Wall Street News

Troika lukewarm over Greek reform efforts. The Troika has given Greece far from a ringing endorsement over the country's reform efforts as it looks to receive the next €8.1B tranche of its bailout. Although Greece has "committed to take corrective actions to ensure delivery of the fiscal targets for 2013-14," the IMF and EU said, "policy implementation is behind in some areas," while the economic outlook is uncertain. Eurozone finance ministers are due to decide today whether to approve that next tranche.

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U.S., EU set to start free-trade talks. After almost two years of preparation, the U.S. and Europe are today due to officially begin talks on what would be the world's largest free-trade agreement, which could boost the regions' economies by an estimated $100B+ a year. However, lurking in the background are accusations that the NSA spied on the EU, and a long-running dispute over subsidies to Airbus (EADSF.PK) and Boeing (BA).

Alcoa's profit seen flat. Alcoa is scheduled to unofficially kick-off the latest earnings season after the bell, with analysts estimating that its Q2 EPS was flat at $0.06 and that revenue slipped 2.3% to $5.83B. "The company has been hit hard in the past six months from both waning manufacturing overseas and a decreasing spot price of aluminum," says SA author Quoth the Raven. Alcoa's share price has badly lagged the broader market this year, but its manufacturing profits are near record levels.

Top Stock News
Design may have saved lives in 777 crash. The design of the Boeing (BA) 777 appears to have helped prevent a greater loss of life when an Asiana jet crashed in San Francisco on Saturday. The plane's flame-retardant cabin ensured that the fire didn't spread too quickly and the engineering ensured that the aircraft didn't break up too much. Investigators are focusing on why the 777 approached the airport at a dangerously low speed, with mechanical failure not appearing to be the problem.

Deadly Quebec crash raises doubts about oil trains. Stocks of railway companies that transport oil may be in focus following the weekend explosion of a runaway train that was carrying tankers of crude in the Quebec town of Lac-Megantic. The blast, which killed at least five people, is the most serious in a series of accidents involving freight trains, including those of Canadian Pacific (CP) and Berkshire Hathaway's (BRK.A) BNSF. The accident could strengthen the case for approving TransCanada's (TRP) Keystone oil pipeline.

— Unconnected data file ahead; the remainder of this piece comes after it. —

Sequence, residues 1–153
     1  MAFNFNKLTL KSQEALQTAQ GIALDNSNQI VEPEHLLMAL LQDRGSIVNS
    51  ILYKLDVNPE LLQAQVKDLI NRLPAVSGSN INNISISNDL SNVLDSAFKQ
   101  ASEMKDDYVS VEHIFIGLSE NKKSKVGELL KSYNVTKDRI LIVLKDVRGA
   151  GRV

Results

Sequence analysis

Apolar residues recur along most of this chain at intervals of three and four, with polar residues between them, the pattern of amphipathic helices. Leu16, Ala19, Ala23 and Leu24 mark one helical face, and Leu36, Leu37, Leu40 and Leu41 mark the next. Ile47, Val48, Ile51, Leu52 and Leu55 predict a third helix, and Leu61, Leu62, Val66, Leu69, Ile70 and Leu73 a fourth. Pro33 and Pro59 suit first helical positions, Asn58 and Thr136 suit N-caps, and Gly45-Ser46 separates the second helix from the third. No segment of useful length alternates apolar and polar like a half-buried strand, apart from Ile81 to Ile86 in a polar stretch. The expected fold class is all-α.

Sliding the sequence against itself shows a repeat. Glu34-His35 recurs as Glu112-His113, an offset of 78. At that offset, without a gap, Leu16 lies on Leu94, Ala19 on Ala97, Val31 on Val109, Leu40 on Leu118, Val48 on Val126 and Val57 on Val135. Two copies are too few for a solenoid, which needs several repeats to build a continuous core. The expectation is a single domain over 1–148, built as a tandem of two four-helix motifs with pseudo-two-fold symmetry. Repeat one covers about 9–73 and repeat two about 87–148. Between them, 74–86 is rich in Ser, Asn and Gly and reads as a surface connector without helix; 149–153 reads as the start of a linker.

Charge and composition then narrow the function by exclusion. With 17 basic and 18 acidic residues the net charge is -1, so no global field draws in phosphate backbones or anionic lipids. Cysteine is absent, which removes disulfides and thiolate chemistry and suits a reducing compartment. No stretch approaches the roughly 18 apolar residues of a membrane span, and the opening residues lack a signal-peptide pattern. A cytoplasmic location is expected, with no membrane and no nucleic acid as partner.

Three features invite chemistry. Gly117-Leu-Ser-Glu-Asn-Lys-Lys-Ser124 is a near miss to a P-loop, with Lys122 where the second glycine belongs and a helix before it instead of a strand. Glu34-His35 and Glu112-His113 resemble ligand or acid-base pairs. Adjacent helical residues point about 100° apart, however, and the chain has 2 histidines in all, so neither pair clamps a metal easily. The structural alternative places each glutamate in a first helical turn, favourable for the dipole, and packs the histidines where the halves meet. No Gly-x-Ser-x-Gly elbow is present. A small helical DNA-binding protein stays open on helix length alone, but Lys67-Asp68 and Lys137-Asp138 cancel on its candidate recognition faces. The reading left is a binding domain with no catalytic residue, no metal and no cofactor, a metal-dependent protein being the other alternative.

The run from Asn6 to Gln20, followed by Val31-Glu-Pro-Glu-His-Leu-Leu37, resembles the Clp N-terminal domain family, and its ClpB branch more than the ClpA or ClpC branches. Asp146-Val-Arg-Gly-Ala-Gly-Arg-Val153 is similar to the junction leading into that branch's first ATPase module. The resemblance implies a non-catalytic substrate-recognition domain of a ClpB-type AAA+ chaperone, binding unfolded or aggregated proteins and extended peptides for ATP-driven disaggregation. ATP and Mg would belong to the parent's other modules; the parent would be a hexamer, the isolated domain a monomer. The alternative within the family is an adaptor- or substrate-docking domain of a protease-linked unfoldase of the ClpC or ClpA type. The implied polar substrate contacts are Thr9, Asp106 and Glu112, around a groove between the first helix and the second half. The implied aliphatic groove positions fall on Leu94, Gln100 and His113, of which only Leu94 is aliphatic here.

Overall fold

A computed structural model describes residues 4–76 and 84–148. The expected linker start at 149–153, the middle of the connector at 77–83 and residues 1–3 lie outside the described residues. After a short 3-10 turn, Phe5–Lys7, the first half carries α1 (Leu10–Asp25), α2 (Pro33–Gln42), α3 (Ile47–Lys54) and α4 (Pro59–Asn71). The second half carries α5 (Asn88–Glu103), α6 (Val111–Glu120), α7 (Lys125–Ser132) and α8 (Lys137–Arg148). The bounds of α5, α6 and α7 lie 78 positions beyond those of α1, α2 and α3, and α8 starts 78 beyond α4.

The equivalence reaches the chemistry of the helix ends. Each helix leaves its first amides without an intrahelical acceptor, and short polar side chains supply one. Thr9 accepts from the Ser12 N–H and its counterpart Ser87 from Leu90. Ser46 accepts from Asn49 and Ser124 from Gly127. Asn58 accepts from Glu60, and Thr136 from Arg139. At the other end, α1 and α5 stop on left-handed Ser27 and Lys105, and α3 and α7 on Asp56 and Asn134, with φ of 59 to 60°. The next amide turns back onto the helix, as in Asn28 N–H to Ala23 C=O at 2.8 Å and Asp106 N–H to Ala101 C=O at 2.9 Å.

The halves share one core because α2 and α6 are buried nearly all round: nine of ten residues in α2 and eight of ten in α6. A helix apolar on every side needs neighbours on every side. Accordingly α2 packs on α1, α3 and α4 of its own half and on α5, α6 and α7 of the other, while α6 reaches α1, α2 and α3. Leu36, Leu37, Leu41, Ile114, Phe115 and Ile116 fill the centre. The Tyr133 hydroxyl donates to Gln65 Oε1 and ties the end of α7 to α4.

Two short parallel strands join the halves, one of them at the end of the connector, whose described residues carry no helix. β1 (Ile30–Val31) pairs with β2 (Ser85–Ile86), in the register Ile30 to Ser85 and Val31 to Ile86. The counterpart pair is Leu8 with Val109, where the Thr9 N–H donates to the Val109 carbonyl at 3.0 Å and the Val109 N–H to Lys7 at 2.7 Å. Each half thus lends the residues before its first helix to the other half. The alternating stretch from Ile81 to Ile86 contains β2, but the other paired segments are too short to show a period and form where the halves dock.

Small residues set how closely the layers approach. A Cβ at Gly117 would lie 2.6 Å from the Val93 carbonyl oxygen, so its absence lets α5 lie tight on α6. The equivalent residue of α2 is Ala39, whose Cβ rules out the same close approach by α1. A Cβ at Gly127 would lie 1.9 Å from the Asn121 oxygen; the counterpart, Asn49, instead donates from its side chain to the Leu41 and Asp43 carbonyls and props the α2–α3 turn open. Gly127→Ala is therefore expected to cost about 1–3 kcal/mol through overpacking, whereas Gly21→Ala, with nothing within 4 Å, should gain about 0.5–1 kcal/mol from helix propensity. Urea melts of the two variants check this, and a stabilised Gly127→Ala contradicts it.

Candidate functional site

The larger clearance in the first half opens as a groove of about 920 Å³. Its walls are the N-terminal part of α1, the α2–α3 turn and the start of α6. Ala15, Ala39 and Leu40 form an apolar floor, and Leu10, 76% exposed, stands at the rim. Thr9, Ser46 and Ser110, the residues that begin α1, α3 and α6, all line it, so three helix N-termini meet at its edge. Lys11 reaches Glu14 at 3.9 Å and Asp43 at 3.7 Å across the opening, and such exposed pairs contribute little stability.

Osborne to back reform of U.K. banking sector. U.K. Finance Minister George Osborne will reportedly express his support today for the overwhelming majority of recommendations of a parliamentary report to raise standards at the country's banks. The proposals include making it a crime to manage a bank recklessly and making it easier to claw back bonuses, although Osborne won't back a plan for tighter limits on leverage ratios.

BP due in court over oil-spill payouts. BP (BP) is set for a hearing today over the way claims administrator Patrick Juneau is overseeing payments to businesses affected by the 2010 Gulf oil spill as part of a compensation settlement. The company wants the money transfers stopped while an inquiry is started into the payouts, arguing that Juneau's loose understanding of the terms of the agreement allows unaffected businesses to receive cash they don't deserve.

GSK hit with more bribery claims in China. GlaxoSmithKline (GSK) is reportedly investigating further allegations of bribery in China from an anonymous tipster, who says that sales staff would pay doctors with cash and perks for prescribing Botox. GSK said it has so far found no evidence of bribery or corruption connected to Botox; the company, some of whose Chinese staff were recently arrested for economic crimes, said the same thing last month about similar claims from the tipster.

U.K. receives offers for Lloyds stake. The U.K. government has reportedly attracted proposals for its stake in Lloyds (LYG), including a £10B bid from a consortium led by private-equity fund Corsair. The group could offer to acquire up to half the state's 39% holding at somewhere around Lloyds' share price on Friday of 64.63 pence, which would ensure the government broke even on its financial-crisis bailout of the bank. Lloyds was +2.8% at 66.46 pence at midday in London, giving it a market cap of £47.39B.

AT&T teams up with Chernin to bid for Hulu. AT&T (T) and Chernin Group have reportedly submitted a joint offer to acquire Hulu from Disney (DIS), 21st Century Fox (FOX) and Comcast (CMCSA), although it's not clear if the previous suitors of the Internet video service made bids ahead of the deadline on Friday for binding proposals. Those suitors include DirecTV (DTV), Yahoo (YHOO), Time Warner Cable (TWC) and KKR (KKR). Chernin is led by former News Corp executive Peter Chernin.

Top Economic & Other News
German exports, industrial output slump. German exports dropped at the sharpest rate since 2009 in May, sliding 2.4% vs -1.4% in April and consensus of -0.4%. Imports grew 1.7% vs +1.2% previously, while the trade surplus tumbled 19.4% on month to €14.1B. The factors hurting German exports include the eurozone debt crisis and the slowdown in China. Meanwhile, industrial production dropped 1% in May vs growth of 2% in April and consensus of -0.5%. Despite the poor data, the DAX was +2.2% at the time of writing.

Portugal's PM firms up coalition. Portugal's government is looking a bit more secure after Paulo Portas, the head of the junior partner in the coalition, the Democratic & Social Center Party, returned to the cabinet over the weekend as Deputy Prime Minister. Portas' austerity induced resignation as Foreign Minister on Tuesday, along with that of Finance Minister Vítor Gaspar on Monday, helped send global markets into turmoil last week, although things calmed down on Thursday.